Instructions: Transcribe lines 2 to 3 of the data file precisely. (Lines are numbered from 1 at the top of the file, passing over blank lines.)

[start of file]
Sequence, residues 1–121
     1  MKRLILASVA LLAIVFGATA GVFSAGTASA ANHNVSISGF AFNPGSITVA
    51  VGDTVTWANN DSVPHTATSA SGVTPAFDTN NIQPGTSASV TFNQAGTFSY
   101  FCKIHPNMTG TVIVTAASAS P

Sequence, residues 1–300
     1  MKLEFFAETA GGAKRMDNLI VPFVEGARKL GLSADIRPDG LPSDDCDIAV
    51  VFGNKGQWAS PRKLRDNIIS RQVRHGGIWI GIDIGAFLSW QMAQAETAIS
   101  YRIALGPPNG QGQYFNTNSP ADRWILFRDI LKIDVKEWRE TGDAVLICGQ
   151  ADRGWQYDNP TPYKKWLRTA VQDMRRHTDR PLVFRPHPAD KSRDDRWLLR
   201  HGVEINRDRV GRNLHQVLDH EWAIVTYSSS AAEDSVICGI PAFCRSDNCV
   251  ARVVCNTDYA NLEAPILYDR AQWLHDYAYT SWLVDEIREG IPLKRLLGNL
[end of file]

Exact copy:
     1  MKRLILASVA LLAIVFGATA GVFSAGTASA ANHNVSISGF AFNPGSITVA
    51  VGDTVTWANN DSVPHTATSA SGVTPAFDTN NIQPGTSASV TFNQAGTFSY